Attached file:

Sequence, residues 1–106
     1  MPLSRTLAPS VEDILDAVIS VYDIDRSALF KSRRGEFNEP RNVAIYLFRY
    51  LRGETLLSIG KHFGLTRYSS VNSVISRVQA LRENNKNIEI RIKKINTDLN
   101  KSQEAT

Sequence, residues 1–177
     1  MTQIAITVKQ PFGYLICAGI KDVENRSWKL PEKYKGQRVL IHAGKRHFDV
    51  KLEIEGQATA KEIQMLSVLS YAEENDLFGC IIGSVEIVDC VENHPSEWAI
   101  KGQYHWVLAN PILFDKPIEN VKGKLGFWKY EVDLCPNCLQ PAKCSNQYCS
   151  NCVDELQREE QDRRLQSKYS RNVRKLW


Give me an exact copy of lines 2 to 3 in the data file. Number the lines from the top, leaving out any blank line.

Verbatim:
     1  MPLSRTLAPS VEDILDAVIS VYDIDRSALF KSRRGEFNEP RNVAIYLFRY
    51  LRGETLLSIG KHFGLTRYSS VNSVISRVQA LRENNKNIEI RIKKINTDLN